25GB Of Shopify Data Found Leaked

25GB Of Shopify Data Found Leaked

Tyler Cross Tyler Cross
Published on: March 28, 2024

Shaara, a company that develops Shopify plugins, had a critical data leak go undetected for over eight months.

According to the researchers who found the data, it’s highly likely that hackers accessed this data leak at least once, as they found a ransom note amongst the data demanding roughly $640 in Bitcoin.

The total leak contained more than 25 GB of data being stored in Shaara’s MongoDB database which was publicly accessible for more than eight months. The unencrypted data contained more than 7.6 million individual orders as well as personal data on customers.

Anyone was free to look at customers’ email addresses, full names, phone numbers, IP addresses, home addresses, order and order tracking information, and partial payment details.

After realizing that Shaara was most likely unaware of the breach, Cybernews researchers contacted the CEO, informing them of the breach and asking for further comment. While the company immediately closed the breach, the CEO claimed that the leak didn’t contain any sensitive customer data.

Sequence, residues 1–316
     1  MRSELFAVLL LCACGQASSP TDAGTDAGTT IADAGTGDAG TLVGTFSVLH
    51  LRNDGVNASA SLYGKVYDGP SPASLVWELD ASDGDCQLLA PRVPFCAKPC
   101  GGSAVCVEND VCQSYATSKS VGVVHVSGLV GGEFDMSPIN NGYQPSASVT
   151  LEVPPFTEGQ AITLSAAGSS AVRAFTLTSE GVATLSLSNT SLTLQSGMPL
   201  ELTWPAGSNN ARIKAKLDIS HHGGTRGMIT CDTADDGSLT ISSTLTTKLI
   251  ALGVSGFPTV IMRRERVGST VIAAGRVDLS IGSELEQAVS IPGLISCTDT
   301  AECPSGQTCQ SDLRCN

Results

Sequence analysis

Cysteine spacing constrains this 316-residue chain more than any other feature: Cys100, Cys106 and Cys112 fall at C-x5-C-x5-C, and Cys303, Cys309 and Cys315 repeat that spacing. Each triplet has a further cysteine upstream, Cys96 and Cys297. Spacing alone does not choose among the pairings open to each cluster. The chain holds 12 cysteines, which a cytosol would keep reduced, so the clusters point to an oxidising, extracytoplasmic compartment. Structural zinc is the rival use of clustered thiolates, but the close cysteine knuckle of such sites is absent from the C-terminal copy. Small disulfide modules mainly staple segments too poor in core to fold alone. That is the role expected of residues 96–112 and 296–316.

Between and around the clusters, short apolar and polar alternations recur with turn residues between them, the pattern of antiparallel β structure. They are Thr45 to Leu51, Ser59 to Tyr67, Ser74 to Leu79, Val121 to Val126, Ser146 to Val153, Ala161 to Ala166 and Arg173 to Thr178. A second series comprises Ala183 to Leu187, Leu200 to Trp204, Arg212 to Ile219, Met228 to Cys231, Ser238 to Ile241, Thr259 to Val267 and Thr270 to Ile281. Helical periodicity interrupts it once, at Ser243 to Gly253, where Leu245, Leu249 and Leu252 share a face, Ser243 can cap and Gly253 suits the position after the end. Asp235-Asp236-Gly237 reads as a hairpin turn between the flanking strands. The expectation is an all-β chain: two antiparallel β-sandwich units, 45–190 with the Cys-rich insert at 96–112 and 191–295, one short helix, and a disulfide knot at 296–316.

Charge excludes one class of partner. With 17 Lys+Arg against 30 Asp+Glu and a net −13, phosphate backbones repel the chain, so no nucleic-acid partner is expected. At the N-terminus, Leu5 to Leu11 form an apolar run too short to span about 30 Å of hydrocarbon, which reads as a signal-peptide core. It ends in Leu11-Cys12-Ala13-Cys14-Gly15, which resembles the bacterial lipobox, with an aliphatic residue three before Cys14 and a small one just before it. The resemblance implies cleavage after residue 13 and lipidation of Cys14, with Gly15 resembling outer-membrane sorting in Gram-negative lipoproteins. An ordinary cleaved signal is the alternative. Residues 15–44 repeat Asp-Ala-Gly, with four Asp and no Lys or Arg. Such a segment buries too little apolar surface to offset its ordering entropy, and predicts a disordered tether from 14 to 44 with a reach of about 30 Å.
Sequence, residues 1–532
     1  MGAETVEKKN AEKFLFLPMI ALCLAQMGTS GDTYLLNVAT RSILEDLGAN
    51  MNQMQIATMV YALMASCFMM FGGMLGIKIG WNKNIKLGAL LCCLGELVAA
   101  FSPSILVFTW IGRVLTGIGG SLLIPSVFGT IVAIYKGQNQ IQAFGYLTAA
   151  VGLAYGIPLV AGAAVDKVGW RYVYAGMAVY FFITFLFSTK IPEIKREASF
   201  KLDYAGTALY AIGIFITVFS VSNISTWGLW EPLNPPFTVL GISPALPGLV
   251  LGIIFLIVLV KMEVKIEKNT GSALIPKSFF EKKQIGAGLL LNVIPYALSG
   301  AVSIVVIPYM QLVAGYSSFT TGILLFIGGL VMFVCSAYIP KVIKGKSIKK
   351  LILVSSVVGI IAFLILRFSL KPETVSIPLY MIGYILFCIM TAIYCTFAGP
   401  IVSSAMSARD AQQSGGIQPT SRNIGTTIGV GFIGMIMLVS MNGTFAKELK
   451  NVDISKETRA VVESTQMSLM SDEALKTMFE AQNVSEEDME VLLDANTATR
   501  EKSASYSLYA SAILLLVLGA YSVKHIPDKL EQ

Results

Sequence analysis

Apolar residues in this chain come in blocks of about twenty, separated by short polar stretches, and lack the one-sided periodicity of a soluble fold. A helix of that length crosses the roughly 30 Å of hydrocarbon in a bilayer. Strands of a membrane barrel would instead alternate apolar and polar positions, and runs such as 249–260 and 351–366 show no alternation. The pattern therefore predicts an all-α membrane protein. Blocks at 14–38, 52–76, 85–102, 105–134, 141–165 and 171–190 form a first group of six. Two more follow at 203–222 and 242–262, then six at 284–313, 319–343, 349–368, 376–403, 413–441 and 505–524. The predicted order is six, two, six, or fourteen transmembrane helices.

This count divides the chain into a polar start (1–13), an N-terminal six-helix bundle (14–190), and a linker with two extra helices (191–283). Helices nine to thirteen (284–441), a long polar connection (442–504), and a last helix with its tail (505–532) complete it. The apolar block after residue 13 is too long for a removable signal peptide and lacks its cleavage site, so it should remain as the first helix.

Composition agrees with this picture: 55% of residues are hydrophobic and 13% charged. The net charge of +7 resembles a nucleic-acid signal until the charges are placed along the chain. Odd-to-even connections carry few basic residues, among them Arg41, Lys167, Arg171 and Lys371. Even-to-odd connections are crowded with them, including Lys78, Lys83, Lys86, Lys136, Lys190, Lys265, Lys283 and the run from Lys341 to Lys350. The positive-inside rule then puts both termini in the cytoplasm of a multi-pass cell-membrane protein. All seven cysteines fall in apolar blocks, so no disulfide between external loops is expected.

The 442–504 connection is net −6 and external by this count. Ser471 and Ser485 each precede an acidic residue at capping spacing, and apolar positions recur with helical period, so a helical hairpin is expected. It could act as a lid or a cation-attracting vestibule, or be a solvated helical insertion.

The leak highlights a major problem underlying Shopify’s cybersecurity practices. Its security scans often fail to detect flaws in unsecured infrastructure, leading a multitude of companies like Shaara to expose sensitive customer data.

Other data leaks found through Shopify plugins include The Tribe Concepts, Mesmerize India, Snitch, Bliss Club, By Invite Only, and Binky Boo which have had large data leaks. Some of these companies had fully accessible payment information.

Each of the companies was asked for further comment, but they have yet to respond.

Researchers point out that this issue isn’t caused by sophisticated hackers using the latest technology but rather by companies failing to meet basic cybersecurity standards. Even basic encryption software would have safeguarded customer data in case of a leak, with simple and accessible solutions like 256-bit AES encryption having never been cracked before.

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